This article was submitted by one of our readers, Levi Blau. If you, or someone you know, would like to share an article on Called to Share, please email us at email@example.com.
Most of us have heard, or at least heard of the song Jesus Take the Wheel and know its message of letting the Lord guide our lives. The chorus states:
Jesus, take the wheel
Take it from my hands
‘Cause I can’t do this on my own
I’m letting go
So give me one more chance
Save me from this road I’m on
Jesus, take the wheel
This is a message that is good for all of us to hear and to heed, but it is one that is often over done. There are times in our lives when we need to completely trust in the Lord to do everything because its beyond our own mortal abilities. For example: once while driving to early morning Seminary, I was approaching a construction zone in a residential area. Another driver backed out of their driveway without looking behind them properly and blocked my way. Without room to stop, I found myself in a situation where my only options seemed to be to hit the other car or to veer aside into the active construction zone.
My mind froze with fear, but in that same instant, my hands began flying back and forth on the wheel with a will not my own. The car veered first left, then sharply right, and squeezed through a gap that I had not been able to see before, and had I known it was there, would have sworn the clunky old sedan could not have made it through. As the car straightened out on the road road beyond the construction zone, I felt my mind and body relax and I realized that a miracle had saved myself and my mother in the passenger seat.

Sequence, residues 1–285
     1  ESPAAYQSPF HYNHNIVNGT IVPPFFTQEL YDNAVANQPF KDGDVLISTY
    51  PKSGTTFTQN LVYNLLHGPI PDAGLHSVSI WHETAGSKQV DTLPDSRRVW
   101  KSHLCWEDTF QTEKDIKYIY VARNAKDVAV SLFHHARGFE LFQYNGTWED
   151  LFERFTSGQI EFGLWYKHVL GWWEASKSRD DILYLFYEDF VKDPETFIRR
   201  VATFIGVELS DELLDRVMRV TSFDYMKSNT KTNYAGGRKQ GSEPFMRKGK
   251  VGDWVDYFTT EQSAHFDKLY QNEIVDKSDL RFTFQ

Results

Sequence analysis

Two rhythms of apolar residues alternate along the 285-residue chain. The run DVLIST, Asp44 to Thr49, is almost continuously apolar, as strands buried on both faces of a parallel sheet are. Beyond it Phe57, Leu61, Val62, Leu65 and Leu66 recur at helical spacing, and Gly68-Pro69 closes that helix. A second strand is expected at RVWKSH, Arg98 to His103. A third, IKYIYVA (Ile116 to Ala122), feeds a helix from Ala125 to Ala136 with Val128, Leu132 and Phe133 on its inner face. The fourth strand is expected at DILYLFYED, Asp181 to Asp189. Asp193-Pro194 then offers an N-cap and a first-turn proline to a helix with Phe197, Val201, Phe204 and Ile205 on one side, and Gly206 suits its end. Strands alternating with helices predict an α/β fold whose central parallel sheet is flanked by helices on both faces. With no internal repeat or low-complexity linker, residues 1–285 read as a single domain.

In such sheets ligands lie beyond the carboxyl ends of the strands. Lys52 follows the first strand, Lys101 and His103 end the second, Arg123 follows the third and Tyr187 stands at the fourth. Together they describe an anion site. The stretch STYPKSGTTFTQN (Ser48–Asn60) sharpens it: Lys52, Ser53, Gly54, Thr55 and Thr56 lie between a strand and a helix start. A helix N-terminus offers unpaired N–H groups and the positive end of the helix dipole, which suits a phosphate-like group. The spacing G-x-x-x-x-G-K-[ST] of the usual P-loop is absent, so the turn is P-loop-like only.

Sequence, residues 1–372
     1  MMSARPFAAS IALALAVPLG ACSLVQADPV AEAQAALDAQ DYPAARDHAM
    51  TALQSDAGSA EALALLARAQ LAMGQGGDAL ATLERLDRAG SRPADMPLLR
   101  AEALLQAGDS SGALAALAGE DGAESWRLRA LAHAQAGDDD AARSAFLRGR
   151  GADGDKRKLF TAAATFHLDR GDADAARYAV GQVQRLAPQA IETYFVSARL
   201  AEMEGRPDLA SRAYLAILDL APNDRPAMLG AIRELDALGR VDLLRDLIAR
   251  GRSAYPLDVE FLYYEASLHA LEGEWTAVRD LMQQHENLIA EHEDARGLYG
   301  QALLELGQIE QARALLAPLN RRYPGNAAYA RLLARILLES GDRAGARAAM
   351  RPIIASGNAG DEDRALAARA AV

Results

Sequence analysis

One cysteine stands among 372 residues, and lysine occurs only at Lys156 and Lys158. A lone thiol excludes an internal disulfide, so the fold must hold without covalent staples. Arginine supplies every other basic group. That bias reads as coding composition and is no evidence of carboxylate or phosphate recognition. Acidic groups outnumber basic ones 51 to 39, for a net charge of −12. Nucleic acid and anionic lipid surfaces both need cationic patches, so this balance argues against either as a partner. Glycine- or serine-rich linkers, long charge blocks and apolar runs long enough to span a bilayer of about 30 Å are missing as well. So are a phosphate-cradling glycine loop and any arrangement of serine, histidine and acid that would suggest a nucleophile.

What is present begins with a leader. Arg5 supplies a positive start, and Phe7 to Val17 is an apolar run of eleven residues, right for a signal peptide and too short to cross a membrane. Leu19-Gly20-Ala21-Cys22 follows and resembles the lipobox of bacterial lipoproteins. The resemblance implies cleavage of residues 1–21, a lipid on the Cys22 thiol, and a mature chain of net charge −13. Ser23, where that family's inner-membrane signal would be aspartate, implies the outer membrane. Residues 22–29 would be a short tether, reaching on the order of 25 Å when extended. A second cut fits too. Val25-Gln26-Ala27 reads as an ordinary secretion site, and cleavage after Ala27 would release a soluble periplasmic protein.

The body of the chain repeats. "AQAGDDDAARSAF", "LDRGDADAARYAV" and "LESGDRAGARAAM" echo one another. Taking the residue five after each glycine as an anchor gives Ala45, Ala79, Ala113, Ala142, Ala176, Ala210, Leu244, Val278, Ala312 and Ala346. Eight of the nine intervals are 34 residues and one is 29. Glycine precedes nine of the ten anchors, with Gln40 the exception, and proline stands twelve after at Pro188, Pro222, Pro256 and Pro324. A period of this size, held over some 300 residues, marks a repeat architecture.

In this instance, it was necessary for Jesus or an angel to literally take the wheel because, I myself, was not able to deal with that situation. Yet, in our everyday lives, we cannot simply surrender control and be passengers in our own existence. I believe that a better metaphor for our daily lives can be found in a sailing ship, where separate crews are needed for the helm and for the sails.
The helmsman steers the ship and guides it to safety, while the sail handler keeps the sail turned towards the wind and gives the ship the power to move. In this pairing, the ship gains the ability to travel anywhere in the world, but only so long as the two crews work together properly. The sail handlers need to listen to directions called from the helm so that they know how to set the sail, and the helmsman must watch the set of the sails and the flow of the wind so that they can guide the ship safely to its destination.
In the same way, we must listen to the Lord and allow Him to guide us through the storms and shoals of this mortal life. Therefore, rather than say ‘Jesus Take the Wheel’ and expect Him to do everything to bring us to salvation while we just relax and enjoy the ride, I believe we should say ‘Take the helm, Lord; I’ll man the sails.’ This leaves us the responsibility for continuing forward in our lives, yet leaves the guidance up to our trust in the Lord so that, together, our ships can safely return to the harbor of our Father in Heaven’s arms.